bore 22 is fitted with liners 30 reciprocally mounting opposed piston members 25 and 26 each of which are fitted into a slipper 27 and 28 respectively. Resilient means which may be in the form of a C-shaped spring 29 (see FIG. 2) is formed to engage
piston members 25 and 26 adjacent the slippers 27 and 28 to urge piston members 25 and 26 outwardly in transverse bore 22 so that slippers 27 and 28 engage the eccentric bore 20. Therefore, upon rotation of eccentric bore 20, piston members 25 and 26
are reciprocated in bore 22.
Metering rotor 21 is driven by an epicyclic gear train which in turn is driven by shaft 11 of first portion 17. The epicyclic gear train driving metering rotor 21 is comprised of a cluster of planet gears 31 (one cluster is shown in FIG. 1)
Cluster 31 is driven by a carrier pin 32 extending outwardly of first rotating assembly 17 into the cylindrical inner portion thereof. A ring gear 33 is fixedly associated with first portion 12 and is engagement with each gear 34 of planet gear clusters
31. A second ring gear 35 which serves as the sun gear is formed with a flange 36 splined to an extension 37 of metering rotor 21. A second gear 38 of planet gear cluster 31 is in driving engagement with ring gear 35. The gearing ratio between shaft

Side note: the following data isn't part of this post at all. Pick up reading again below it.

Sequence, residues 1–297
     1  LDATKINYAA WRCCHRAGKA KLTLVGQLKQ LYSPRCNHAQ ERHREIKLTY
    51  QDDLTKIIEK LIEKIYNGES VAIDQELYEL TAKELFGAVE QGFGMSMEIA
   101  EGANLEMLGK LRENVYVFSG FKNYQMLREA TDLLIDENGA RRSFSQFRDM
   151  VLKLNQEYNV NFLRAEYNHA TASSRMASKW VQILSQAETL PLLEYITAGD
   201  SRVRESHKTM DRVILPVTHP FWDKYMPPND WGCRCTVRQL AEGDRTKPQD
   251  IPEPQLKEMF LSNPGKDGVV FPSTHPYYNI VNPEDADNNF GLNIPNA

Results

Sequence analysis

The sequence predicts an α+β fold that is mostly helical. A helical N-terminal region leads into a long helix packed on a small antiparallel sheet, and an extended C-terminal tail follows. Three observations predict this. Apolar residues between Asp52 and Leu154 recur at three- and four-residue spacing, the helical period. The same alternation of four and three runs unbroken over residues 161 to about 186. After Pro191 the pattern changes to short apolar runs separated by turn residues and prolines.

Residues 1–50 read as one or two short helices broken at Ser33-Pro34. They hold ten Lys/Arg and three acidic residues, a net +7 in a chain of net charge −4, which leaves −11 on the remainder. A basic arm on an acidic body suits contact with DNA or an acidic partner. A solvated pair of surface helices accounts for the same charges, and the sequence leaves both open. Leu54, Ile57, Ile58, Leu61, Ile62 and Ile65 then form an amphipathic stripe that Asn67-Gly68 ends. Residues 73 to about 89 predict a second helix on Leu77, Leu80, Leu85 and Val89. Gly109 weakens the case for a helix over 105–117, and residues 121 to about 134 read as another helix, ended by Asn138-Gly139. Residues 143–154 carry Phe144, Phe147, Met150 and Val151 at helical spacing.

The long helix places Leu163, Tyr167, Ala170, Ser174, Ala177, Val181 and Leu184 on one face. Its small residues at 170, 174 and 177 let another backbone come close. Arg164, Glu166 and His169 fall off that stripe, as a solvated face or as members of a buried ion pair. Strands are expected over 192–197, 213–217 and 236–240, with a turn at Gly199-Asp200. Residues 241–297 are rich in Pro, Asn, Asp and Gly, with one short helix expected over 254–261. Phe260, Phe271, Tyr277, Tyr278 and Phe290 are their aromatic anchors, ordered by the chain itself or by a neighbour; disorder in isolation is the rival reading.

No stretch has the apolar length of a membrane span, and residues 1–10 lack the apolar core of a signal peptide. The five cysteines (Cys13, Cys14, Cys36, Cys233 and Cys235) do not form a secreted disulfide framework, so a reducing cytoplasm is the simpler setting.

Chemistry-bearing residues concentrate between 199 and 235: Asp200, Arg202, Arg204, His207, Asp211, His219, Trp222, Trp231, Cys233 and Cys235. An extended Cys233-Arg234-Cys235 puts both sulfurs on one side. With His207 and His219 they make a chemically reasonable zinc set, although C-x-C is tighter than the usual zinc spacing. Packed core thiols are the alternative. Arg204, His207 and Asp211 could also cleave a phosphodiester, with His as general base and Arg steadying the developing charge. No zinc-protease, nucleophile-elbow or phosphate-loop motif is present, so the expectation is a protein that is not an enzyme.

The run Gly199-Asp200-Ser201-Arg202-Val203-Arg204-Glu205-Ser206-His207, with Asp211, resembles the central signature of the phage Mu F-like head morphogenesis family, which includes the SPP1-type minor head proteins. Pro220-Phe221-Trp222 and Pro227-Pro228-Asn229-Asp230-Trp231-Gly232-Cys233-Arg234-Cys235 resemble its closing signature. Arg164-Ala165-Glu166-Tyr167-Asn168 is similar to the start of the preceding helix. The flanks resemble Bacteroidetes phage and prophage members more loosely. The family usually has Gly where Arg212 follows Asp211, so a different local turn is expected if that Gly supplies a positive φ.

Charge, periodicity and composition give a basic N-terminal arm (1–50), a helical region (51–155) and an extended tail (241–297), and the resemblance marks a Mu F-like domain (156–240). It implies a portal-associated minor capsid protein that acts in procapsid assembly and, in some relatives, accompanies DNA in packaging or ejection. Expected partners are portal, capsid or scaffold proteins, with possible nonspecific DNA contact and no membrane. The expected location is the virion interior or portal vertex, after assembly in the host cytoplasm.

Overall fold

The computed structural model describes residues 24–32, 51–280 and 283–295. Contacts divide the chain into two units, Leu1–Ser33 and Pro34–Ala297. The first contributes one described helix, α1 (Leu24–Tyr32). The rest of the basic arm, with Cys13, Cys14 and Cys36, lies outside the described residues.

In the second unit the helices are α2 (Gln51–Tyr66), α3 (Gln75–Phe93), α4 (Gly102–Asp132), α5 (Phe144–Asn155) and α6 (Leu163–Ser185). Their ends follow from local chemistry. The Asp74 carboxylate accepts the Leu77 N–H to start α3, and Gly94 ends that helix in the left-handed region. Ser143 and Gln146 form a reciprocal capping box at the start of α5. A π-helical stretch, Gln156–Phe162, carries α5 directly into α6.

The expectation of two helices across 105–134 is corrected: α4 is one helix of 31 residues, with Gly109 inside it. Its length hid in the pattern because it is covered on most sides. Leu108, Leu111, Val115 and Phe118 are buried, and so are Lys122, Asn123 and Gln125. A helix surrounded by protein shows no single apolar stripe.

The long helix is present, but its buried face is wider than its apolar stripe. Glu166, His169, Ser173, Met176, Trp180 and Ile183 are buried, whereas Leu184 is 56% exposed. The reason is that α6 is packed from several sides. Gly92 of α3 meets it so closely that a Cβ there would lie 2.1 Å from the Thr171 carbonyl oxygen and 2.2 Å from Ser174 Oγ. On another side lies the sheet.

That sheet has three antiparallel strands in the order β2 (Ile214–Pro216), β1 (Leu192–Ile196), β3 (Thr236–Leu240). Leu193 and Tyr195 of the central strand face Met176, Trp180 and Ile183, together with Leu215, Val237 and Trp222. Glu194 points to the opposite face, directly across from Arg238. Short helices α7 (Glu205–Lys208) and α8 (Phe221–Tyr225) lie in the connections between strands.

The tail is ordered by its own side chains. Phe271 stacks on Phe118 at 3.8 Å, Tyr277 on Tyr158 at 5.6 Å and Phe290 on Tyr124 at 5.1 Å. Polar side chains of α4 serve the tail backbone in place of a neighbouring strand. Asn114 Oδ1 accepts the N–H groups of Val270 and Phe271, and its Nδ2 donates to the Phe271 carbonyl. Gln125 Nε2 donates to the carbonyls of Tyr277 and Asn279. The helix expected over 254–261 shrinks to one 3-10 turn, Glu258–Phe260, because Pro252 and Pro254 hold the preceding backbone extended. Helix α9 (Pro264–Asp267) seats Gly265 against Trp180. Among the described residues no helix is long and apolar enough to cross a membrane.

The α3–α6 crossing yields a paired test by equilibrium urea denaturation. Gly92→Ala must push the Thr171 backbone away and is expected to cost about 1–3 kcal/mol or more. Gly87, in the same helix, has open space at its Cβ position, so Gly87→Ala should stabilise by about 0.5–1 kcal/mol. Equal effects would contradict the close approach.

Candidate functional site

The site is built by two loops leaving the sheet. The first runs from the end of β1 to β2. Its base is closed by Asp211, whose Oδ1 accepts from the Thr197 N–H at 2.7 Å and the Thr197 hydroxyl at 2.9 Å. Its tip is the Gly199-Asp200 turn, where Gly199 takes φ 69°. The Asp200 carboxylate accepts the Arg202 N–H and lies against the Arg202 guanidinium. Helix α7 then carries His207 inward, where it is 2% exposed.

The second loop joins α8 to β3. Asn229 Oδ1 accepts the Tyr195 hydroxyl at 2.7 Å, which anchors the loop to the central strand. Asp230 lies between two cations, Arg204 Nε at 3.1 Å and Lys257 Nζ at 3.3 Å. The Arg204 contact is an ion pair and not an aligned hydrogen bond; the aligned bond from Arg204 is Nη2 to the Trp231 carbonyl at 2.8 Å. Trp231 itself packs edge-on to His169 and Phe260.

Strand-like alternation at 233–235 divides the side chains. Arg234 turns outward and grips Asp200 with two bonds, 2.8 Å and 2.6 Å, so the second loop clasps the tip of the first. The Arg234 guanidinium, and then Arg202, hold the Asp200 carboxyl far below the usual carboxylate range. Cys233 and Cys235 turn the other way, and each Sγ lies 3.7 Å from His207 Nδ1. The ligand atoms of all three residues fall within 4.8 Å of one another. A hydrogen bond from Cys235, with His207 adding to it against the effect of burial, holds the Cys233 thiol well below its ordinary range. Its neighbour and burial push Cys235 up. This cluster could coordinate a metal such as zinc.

11 and metering rotor 21 may be adapted so that metering rotor 21 rotates at one-fourth the speed of rotation of shaft 11. Shaft 11 may be rotated at twice normal engine speed thus metering rotor 21 will operate at one-half engine speed.
The engine fuel pump 10 is provided with a fuel pressurization means in the form of a conventional gear pump 39 driven by shaft 11. Gear pump 39 is positioned in a flange 40 which is affixed to first portion 12 by conventional means such as bolt
41 (one of which is shown in FIG. 1). Flange 40 is adapted to be received on a conventional mounting pad on the associated internal combustion engine. Flange 40 is also fitted with a seal 42 of a conventional type well known in the art to prevent fuel
leakage from the pump 39. Passage means such as passage 43 are formed in flange 40 to communicate fluid to gear pump 39 from a fluid source such as a fuel tank (not shown).
First portion 12 defines therein an internal passage 44 extending from gear pump 39 to the interior cavity 18. Thus, fluid pressurized by gear pump 39 is communicated through passage 44 to interior cavity 18 wherein a pressure is maintained
equivalent to the output pressure controlled by a relief valve (not shown) of gear pump 39. A branching passage 45 communicates with passage 44 to communicate pressurized fluid to a bore 46 formed in first portion 12 through which shaft 11 extends and
is journalled. Bore 46 forms an appropriate bearing surface for shaft 11. Shaft 11 is formed with a transverse bore 47 forming a cylinder. Mounted in transverse bore 47 is a shuttle piston 48. Referring to FIG. 7 in conjunction with FIG. 1 it can be
seen that shuttle piston 48 is formed with a slot 49 through which a pin 50 extends. Slot 49 is formed to allow shuttle piston 48 to reciprocate a predetermined amount in the transverse bore 47.
Also communicating with bore 46 and on the diametrically opposite side of bore 46 from passage 45 is a second passage 51 defined in first portion 12 and which communicates with a transverse bore 53 generally parallel to the plane of ring gear 33